I have spent a fair few years being single. During some of those years, I was in an ill-advised relationship with a man who wasn’t single, so the rest of the world assumed I was unattached. To all intents and purposes, I was unattached. It’s not like we spent any significant holidays together and he barely remembered who I was between assignations.
Because of this, I am well used to being the only single person at social events. It doesn’t bother me too much now, but there have been many occasions when it was no fun at all. I tend to avoid such events these days, as I prefer staying at home with my dog and three cats (yes, I am a crazy cat lady in training). But if you are a Bridget Jones perennial single, here is my guide to surviving dinner parties, weddings, and social events on your own.
When you are single, it often feels like the rest of the world is one half of a couple, which makes popular social functions such as weddings and dinner parties difficult to deal with alone. However, although it is not always enjoyable to attend a dinner party on your own, it can be bearable. Trust me, you will get through the evening without slitting your wrists between the entrée and dessert courses.
Dinner parties are very popular amongst couples in their 30s and 40s. The hosts typically invite a varied group of friends around for a meal and everyone sits around a table eating, drinking, and as the evening progresses and more wine is imbibed, dancing.
Weddings are another tricky event if you are single. You either have to endure concerned aunts interrogating you about your lack of a boyfriend or risk being seated next to the token man: spotty Eric with halitosis.
You need to get out more (apparently)
By the time you hit your 30s, 40s and beyond, most of the guests at social events are other couples. Couples tend to ostracise single people because they think that person is a threat to their cosy domesticity, but if you are recently single or divorced, you may find yourself the recipient of a sympathy vote from a well-meaning friend who is convinced you need to get out more.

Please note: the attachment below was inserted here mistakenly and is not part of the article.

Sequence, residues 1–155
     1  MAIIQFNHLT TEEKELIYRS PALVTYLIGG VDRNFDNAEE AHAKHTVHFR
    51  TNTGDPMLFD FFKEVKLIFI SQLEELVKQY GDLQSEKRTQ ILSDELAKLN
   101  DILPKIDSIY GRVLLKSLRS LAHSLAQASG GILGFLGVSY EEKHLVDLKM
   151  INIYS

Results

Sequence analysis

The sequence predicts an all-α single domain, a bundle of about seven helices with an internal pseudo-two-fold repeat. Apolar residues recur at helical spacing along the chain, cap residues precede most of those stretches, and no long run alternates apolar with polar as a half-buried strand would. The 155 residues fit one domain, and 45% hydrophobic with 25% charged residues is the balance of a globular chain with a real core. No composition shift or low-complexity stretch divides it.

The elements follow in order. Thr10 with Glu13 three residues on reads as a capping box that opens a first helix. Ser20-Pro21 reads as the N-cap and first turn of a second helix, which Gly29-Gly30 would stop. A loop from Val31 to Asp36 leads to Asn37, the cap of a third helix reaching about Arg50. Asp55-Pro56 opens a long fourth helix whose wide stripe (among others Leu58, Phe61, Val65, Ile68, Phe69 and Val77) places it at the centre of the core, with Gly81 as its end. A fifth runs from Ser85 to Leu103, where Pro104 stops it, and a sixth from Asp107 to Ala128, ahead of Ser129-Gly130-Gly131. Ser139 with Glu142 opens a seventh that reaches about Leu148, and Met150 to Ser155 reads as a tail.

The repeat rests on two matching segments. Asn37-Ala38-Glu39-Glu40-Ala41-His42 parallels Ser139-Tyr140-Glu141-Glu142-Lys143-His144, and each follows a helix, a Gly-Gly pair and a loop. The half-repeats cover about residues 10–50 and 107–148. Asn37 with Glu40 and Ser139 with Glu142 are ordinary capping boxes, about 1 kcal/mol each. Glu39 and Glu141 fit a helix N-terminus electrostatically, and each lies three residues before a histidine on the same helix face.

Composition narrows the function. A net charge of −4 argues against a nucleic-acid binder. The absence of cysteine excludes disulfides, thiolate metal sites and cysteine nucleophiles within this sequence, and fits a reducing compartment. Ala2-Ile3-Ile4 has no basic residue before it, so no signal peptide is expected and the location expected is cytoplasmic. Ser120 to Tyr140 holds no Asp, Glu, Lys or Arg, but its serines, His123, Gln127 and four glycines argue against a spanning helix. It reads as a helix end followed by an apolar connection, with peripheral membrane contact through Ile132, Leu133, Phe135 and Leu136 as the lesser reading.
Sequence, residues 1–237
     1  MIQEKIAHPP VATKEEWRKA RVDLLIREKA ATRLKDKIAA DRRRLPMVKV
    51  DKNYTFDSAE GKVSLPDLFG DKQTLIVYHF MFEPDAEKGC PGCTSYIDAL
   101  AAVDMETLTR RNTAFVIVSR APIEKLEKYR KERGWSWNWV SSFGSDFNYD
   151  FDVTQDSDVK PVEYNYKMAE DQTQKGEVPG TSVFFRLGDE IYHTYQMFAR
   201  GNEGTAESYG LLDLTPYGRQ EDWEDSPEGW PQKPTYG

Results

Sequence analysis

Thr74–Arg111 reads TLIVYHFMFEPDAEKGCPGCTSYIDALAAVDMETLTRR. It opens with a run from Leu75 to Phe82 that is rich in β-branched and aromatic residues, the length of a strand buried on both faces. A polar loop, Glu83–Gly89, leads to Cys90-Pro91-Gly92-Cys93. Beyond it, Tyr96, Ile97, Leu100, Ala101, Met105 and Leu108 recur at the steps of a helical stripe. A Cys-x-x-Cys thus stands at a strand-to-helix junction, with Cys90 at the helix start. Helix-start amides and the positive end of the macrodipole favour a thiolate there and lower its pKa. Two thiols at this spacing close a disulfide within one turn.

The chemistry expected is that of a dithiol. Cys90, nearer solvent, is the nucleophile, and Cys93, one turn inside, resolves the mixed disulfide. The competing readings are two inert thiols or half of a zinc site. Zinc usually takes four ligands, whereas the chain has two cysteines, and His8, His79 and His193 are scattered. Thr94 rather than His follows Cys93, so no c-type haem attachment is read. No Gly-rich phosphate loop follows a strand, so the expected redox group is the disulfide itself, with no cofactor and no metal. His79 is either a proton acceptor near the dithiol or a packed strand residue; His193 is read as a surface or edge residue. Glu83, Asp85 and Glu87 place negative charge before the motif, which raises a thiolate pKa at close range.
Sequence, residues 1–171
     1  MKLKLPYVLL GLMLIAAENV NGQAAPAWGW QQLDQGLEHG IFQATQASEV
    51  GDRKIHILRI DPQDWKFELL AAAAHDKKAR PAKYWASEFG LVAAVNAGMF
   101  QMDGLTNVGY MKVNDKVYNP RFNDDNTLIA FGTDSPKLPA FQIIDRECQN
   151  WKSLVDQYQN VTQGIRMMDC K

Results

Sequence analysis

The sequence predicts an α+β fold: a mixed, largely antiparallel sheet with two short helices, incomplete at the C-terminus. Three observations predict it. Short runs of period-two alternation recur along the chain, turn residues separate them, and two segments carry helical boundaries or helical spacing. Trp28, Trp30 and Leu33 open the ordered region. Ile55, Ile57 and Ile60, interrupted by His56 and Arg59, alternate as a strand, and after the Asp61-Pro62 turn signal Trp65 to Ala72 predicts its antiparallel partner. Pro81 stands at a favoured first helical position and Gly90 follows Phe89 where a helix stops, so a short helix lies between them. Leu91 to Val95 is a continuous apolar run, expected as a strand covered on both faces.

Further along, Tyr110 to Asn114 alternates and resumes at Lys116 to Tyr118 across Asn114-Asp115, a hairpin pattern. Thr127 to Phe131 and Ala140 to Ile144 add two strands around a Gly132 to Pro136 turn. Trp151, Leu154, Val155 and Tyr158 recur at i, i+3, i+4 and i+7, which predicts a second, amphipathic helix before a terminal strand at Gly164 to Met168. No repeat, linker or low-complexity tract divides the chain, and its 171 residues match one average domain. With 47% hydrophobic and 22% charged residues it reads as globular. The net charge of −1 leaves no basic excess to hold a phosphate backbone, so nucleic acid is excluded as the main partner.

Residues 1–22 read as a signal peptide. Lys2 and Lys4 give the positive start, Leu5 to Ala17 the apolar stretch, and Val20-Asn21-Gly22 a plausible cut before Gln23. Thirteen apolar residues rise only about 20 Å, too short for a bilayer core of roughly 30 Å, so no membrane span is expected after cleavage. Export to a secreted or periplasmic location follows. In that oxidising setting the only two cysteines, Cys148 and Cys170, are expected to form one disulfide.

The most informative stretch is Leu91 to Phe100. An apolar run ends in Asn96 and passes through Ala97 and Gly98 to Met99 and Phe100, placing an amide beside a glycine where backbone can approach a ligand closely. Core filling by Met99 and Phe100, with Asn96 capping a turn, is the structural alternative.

Make no mistake: unless the other guests are close friends and relatives, attending a dinner party or wedding as a single person can be painful. You invariably feel like the odd one out and by the end of the evening, at least half of the other guests have made it their business to grill you about the state (or lack thereof) of your love life. Unfortunately, not even great food and copious amounts of alcohol can restore the balance of sanity if you don’t prepare.
Before you leave the house, come up with at least five great reasons why you love being single, and if you can’t think of any, make some up. The reason for this is simple: instead of feeling like a sad and lonely recluse when subjected to questions about your love life, you can instil envy in all the married couples by making them think you are living the high life—and hopefully, you are!
6 reasons why being single is AWESOME!
My personal favourites are:
- I can watch Netflix in peace
- I don’t have to share the bed
- I can eat what I like when I like
- I don’t have to wash a man’s disgusting underwear
- I can date/shag who I like
- My cats are happier without a man in the house
Dress up to the nines—just because you are single, it doesn’t mean you have to dress down and look like a lonely cat lady. Besides, it doesn’t hurt to dress a little provocatively and make some of the guests jealous of the fact you have more disposable income to spend on nice clothes and beauty treatments while they spend all theirs in Ikea and B&Q.
Be sure to throw in lots of fun and amusing anecdotes about all the fabulous holidays you have been on recently. And, don’t forget to mention how you love disappearing for a girls’ weekend away at the drop of a hat—couples can’t do this, so score 1 to you.
If subjected to a grilling about your love life and there is absolutely nothing positive to say about it, make up some lurid tales of hot dates. It might not be true, but at least everyone else at the dinner party will be quietly envious of all the fun you are supposedly having. Make sure you have Tinder on your phone, so you can swipe through a few profiles when things become especially excruciating. You never know, you might spot a few of the guests masquerading as a single person!
Step away from the Smirnoff!
Don’t drink too much—at best you risk looking sad and desperate and at worst, you could end up making an inappropriate pass at someone else’s partner and lose some friends as a result. Drink in moderation—you will probably need some alcohol to make the evening bearable—but stay off the spirits!
If all else fails and you can’t bear attending the event on your own, have a contingency plan. I once attended a wedding on my own. I didn’t know anyone other than the bride, so it was pretty rubbish. To ensure the evening didn’t end up being a total write off, I arranged to leave around 10 pm and drive up to see one of the horribly unsuitable men I was seeing at the time. There’s nothing like ending a crap evening with a bang…
Have you been to a wedding or dinner party as a sad singleton? Tell us how it went for you!